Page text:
Scatter graphics: National League, 2 Mar 2016

Here are updated scatter graphics for the National League, which compare the attacking and defensive performance of each club. These are explained here if you haven’t seen them before and the previous instalment is here.

Shot dominance

First of all, here is how the number of shots taken by each club compares with those they face in return. The average number of shots taken per match is on the horizontal and the average number faced is on the vertical, so bottom right (take plenty, allow few in return) is good while top left (take few, allow plenty) is bad. The stripes are like contours: the greener the stripe, the better the performance (and vice versa for red).

NL Att Def 2016-03-02

Grimsby remain the division’s most dominant side, having taken more shots than anyone except Woking and allowing fewer than everyone else; marginally fewer than fellow promotion-chasers Eastleigh.

Woking may create plenty of chances but only two clubs – Welling and Altrincham – have allowed more. At the opposite end of the spectrum, Eastleigh and fellow play-off hopefuls Braintree allow few shots but don’t take that many themselves.

Gateshead are comfortably inside the top half despite taking fewer shots than anyone else – this will become less mysterious in the next graphic.

Attacking effectiveness

Now let’s look at attacking alone. The horizontal axis stays the same as in the graphic above, but now the vertical shows the average number of shots needed to score each league goal. Therefore bottom right is good (taking lots of shots and needing fewer efforts to convert) and top left is bad:

NL Att 2016-03-02

I mentioned Gateshead above as doing well despite taking fewer shots than anyone else, and we can see here that they are the most clinical finishers in the division.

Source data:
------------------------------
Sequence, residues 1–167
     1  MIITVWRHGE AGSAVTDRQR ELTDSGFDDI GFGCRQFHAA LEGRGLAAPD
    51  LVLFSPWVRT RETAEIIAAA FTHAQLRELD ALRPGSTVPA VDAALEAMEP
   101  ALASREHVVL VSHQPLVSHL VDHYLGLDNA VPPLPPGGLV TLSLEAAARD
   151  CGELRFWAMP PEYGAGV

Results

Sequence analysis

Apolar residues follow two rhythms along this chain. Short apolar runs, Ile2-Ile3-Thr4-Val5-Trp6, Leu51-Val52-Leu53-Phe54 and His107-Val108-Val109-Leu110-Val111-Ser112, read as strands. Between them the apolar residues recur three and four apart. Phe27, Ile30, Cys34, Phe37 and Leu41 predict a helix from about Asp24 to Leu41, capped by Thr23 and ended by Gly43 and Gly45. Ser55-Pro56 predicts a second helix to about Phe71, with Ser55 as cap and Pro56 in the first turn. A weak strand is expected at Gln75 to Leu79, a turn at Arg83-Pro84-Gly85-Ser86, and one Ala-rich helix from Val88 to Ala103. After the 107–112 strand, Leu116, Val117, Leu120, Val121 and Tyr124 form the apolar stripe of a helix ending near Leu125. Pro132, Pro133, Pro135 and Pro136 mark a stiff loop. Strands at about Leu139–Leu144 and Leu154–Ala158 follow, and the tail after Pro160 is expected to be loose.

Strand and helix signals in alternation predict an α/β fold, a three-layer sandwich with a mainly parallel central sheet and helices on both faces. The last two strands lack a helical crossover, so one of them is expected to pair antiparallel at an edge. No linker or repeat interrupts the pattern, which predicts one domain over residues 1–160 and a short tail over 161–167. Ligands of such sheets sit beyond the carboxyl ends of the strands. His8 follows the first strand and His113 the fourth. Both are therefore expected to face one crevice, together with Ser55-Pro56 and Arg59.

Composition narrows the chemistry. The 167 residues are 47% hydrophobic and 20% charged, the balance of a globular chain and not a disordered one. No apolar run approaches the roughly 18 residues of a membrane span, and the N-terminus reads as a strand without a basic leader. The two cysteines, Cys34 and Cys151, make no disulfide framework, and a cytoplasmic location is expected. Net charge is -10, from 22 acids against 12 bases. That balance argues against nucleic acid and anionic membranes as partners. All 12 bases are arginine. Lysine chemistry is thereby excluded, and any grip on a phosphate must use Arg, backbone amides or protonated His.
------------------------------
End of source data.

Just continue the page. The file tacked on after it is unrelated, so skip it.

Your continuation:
While it’s no surprise to see the likes of Grimsby and Cheltenham among the sharpest finishers at the bottom of the graphic, it’s interesting to see newly-promoted Bromley netting with similar precision.

Welling look cut adrift in the top left, having taken few shots while also being the most wasteful finishers by quite some distance: it’s taken them roughly twice as many attempts to score each goal on average than the division’s most clinical sides.

Defensive effectiveness

Next let’s look at the defensive situation – basically take the above chart and replace the word “taken” for “faced” on both axes. Now top left is good – facing fewer shots and able to soak up more per goal conceded – and bottom right is bad:

NL Def 2016-03-02

Leaders Cheltenham stand out here: they have been impressively resilient at the back, soaking up almost five more shots for each goal conceded than the average club.

Meanwhile, despite allowing even fewer shots than the Robins, Eastleigh have conceded very readily from those their opponents are able to take: it’s taken less than half as many attempts to breach them on average.

Alongside promotion-chasing Braintree and Forest Green it’s encouraging to see that newly-promoted Boreham Wood are among the division’s most resilient defences.

While Altrincham have allowed the most shots by far, they’ve been slightly better than average at keeping them out. The likes of Torquay and Halifax have been far more vulnerable from a smaller (although still above average) number of shots faced.

Expected goals

Finally here’s an attempt at correcting the first graphic for the quality of chances created and allowed, using the same “expected goals” values that power my shot timelines (explained here). The reason for doing this is that the results tend to correlate more strongly with performance than when we treat all shots equally:
NL EG 2016-03-02Grimsby remain ensconced in the bottom right corner: when shots are corrected for quality they stand out as the division’s best all-round performers this season.

In the top right we find Bromley, who we’ve seen are impressive going forward but at the expense of defensive solidity, which is nonetheless entertaining for the neutral.

Altrincham are currently sitting just outside the relegation zone and the sheer volume of chances they allow – far more than anyone else – is a real concern. At almost two goals’ worth of shots per game, this is more than double what WrexhamTranmere and Grimsby have permitted.